Let me tell you why I love this book and I hate it at the same time. I love it because it’s a sequel of my favourite book ever (The Talisman), it’s got Jack Sawyer, Travellin’ Jack, in it and there are Gunslingers, and there’s the Territories, and there’s Twinners and so much more. Black House looks back at the twelve year old Jack Sawyer and his quest across America, while creating a whole new chapter in the process.
The King is in his Tower, eating bread and honey. The Breakers in the basement, making all the money.
I hate it because it’s padded like an eighties suit. It’s got at least 250 pages of bulk in it which could have been taken out without impacting the story. It’s got that all-seeing raven from Game of Thrones, circling about the scenes, zooming in on people, zooming out, talking all the way like it knows what’s going to happen. I HATE AN OMNISCIENT AUTHOR! It gives stuff away that could have been given away through narration and setting and dialog. I’m looking at Peter Straub here.
One example of padding:
“The lobby of the Nelson Hotel always smells of the river — it’s in the pores of the place — but this evening the smell is heavier than usual. It’s a smell that makes us think of bad ideas, blown investments, forged checks, deteriorating health, stolen office supplies, unpaid alimony, empty promises, skin tumors, lost ambition, abandoned sample cases filled with cheap novelties, dead hope, dead skin, and fallen arches.
This is the kind of place you don’t come to unless you’ve been here before and all your other options are pretty much foreclosed. It’s a place where men who left their families two decades before now lie on narrow beds with pee-stained mattresses, coughing and smoking cigarettes.”
If you’ve ever watched that movie about Hemingway, his editor told him to always reduce his writing to the most impact-filled sentence you can find. So this bulk above could have been easily compacted down into an eerie setting without going overboard on the descriptions.
This is a dark book. It’s a slow burn of a book. It’s a character study book. It’s a police-procedural-in-hell book. It’s a Dark Tower book.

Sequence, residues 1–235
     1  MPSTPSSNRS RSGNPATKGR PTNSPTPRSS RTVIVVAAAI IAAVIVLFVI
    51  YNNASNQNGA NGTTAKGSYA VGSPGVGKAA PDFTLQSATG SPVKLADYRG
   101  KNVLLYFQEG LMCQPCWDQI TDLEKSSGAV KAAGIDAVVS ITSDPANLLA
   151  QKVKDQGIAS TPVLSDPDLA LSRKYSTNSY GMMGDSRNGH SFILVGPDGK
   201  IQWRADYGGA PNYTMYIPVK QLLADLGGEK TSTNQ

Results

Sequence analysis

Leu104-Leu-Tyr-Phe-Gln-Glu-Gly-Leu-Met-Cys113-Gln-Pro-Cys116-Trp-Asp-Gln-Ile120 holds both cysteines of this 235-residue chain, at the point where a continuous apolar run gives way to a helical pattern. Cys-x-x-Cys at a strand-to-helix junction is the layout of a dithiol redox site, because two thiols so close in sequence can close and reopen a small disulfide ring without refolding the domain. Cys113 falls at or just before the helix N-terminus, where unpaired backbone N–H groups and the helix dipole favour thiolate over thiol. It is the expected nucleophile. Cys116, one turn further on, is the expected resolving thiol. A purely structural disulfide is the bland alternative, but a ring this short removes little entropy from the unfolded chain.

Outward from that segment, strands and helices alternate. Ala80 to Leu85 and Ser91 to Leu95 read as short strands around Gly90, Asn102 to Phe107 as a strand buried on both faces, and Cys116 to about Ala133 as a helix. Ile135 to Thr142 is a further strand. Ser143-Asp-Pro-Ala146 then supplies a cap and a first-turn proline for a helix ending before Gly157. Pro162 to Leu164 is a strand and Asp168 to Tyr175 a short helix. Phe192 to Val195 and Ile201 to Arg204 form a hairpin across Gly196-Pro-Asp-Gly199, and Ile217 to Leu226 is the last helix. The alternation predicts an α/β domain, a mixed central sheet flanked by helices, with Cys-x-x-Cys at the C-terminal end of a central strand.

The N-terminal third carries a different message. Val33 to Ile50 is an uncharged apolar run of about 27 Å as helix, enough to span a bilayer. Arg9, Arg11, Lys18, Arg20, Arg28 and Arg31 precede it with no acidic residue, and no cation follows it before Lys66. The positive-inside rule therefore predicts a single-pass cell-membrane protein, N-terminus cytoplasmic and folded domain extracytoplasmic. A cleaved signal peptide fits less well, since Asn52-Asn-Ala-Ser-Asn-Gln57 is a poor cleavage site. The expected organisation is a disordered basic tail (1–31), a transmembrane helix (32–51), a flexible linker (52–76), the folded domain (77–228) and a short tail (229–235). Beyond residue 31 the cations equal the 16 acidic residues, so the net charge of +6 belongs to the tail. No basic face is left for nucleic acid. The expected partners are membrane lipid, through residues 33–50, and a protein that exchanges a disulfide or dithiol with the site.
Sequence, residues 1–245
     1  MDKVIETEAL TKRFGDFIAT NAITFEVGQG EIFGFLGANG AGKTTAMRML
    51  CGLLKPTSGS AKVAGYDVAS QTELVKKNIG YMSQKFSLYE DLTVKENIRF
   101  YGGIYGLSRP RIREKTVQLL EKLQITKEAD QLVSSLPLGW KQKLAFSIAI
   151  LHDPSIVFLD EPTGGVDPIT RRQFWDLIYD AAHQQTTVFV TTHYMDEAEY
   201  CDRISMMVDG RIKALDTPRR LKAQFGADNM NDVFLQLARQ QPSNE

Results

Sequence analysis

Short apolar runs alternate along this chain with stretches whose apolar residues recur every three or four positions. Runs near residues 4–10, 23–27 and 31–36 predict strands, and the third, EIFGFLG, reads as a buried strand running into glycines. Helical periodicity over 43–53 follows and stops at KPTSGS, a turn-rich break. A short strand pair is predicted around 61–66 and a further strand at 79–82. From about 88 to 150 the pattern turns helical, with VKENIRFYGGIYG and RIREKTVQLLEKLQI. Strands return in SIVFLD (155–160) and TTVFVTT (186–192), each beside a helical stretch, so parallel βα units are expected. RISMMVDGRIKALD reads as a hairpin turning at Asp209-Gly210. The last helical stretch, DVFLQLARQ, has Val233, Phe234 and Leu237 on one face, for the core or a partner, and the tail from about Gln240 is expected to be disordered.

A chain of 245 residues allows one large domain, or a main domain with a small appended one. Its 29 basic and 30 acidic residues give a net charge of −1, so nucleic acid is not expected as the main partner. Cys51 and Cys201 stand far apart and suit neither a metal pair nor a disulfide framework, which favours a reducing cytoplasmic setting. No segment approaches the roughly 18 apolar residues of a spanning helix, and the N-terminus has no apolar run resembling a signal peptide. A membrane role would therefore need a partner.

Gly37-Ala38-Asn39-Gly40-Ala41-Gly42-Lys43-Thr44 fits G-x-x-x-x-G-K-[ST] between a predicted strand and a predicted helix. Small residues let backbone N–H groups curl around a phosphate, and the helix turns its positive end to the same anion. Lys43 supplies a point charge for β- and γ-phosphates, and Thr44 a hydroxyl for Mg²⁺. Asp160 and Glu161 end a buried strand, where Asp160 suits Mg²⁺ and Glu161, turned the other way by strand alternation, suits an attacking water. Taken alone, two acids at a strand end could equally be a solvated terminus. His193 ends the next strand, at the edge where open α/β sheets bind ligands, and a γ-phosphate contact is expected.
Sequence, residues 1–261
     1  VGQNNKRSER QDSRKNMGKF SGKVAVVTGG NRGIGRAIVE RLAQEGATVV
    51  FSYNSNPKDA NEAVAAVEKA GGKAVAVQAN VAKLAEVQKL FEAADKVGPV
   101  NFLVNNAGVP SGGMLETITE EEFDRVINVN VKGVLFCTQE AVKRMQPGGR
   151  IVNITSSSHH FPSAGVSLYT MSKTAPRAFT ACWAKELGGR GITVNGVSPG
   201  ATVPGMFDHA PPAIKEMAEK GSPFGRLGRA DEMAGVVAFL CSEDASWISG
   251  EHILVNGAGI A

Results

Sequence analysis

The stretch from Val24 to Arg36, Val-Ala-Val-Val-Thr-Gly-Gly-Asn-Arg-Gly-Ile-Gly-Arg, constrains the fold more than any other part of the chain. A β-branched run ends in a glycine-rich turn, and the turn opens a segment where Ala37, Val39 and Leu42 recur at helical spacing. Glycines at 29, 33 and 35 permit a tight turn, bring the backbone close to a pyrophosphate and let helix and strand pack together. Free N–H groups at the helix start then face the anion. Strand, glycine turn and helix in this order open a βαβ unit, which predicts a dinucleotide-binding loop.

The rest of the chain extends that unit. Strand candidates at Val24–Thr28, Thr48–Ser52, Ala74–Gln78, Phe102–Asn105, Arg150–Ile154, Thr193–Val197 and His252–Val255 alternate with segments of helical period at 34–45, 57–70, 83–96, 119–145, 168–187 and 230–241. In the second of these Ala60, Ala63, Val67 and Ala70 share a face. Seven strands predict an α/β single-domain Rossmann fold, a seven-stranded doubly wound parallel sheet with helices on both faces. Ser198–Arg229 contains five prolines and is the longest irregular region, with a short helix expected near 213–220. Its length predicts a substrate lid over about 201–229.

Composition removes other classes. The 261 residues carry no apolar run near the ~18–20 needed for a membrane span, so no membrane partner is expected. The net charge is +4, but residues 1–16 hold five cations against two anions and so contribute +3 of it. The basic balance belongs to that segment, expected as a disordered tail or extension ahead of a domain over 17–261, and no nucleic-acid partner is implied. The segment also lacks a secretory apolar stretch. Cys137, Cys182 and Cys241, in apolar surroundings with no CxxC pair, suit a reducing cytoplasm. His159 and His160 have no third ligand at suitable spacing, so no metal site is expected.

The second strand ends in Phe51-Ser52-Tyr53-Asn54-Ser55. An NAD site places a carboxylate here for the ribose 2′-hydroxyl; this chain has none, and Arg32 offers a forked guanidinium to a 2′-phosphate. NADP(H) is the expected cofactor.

But while good things usually take a long time to develop, evil has a way of popping up full-blown and ready-made, like Jack out of his box
— Carra Lucia Books (@BooksCarra) October 29, 2017
Do you see this heart-stopping beauty? Look closely, because in a moment your heart will stop.
The storytelling dream team behind the haunting 1984 bestseller The Talisman has returned with a haunting sequel that is more daring and much more twisted than its predecessor. In Black House, Jack Sawyer, the sensitive boy-hero who journeyed to an alternate reality in search of a magical talisman to save his dying mother, has grown up. Now in his 30s, Jack remembers nothing of his strange adventures in the Oz-like world known as the Territories, until a series of strange events forces him to confront the snarling horrors of the past.
Someone is murdering children and dismembering their bodies in the cold shadows of Tamarack, Wisconsin. Locals call the madman the Fisherman. Some believe he is the reincarnation of an early-20th-century serial killer named Albert Fish. Others believe he is just a crazed copycat. A burned-out L.A. homicide detective, Jack has retired to this once-quiet town to get away from such insanity. He wants absolutely nothing to do with the case. Even his friend, local police chief Dale Gilbertson, can’t convince him to join the investigation. But soon after the first murder, bizarre waking dreams start scratching at Jack’s mind like a murderer tapping at a kitchen window — dreams of a dead man and of red feathers and robins’ eggs. The dreams eventually grab Jack by the neck and lead him to an abandoned house on the outskirts of town — a black house that holds unspeakable evil….
Like fine tailors, King and Straub weave their distinct voices together to create an almost seamless (there are some threads that need clipping, and the legs could be taken up an inch or two) tale of suspense. Though Black House takes some time to warm up, the narrative eventually builds with a slow, seductive momentum that explodes like firecrackers in a beer can when Jack finds himself back in the Territories. Rich in detail (sometimes to a fault), cinematic in its scope, and populated with a wide array of freaky and endearing characters, Black House, though perhaps not King and Straub’s best work, is a wild, fantastical romp with the macabre. Just don’t turn off the lights. (Stephen Bloom)